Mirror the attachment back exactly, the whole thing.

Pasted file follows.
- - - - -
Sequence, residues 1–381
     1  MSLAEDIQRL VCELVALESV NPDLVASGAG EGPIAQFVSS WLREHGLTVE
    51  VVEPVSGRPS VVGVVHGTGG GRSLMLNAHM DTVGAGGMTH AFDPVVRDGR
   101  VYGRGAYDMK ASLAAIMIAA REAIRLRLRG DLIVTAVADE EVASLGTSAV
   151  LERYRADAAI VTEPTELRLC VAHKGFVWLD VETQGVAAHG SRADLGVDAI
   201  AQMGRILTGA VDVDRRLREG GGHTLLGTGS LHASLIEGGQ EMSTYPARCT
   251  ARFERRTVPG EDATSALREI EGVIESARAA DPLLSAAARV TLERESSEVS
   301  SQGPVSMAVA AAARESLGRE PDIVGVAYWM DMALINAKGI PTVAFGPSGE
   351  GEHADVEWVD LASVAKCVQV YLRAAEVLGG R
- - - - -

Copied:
Sequence, residues 1–381
     1  MSLAEDIQRL VCELVALESV NPDLVASGAG EGPIAQFVSS WLREHGLTVE
    51  VVEPVSGRPS VVGVVHGTGG GRSLMLNAHM DTVGAGGMTH AFDPVVRDGR
   101  VYGRGAYDMK ASLAAIMIAA REAIRLRLRG DLIVTAVADE EVASLGTSAV
   151  LERYRADAAI VTEPTELRLC VAHKGFVWLD VETQGVAAHG SRADLGVDAI
   201  AQMGRILTGA VDVDRRLREG GGHTLLGTGS LHASLIEGGQ EMSTYPARCT
   251  ARFERRTVPG EDATSALREI EGVIESARAA DPLLSAAARV TLERESSEVS
   301  SQGPVSMAVA AAARESLGRE PDIVGVAYWM DMALINAKGI PTVAFGPSGE
   351  GEHADVEWVD LASVAKCVQV YLRAAEVLGG R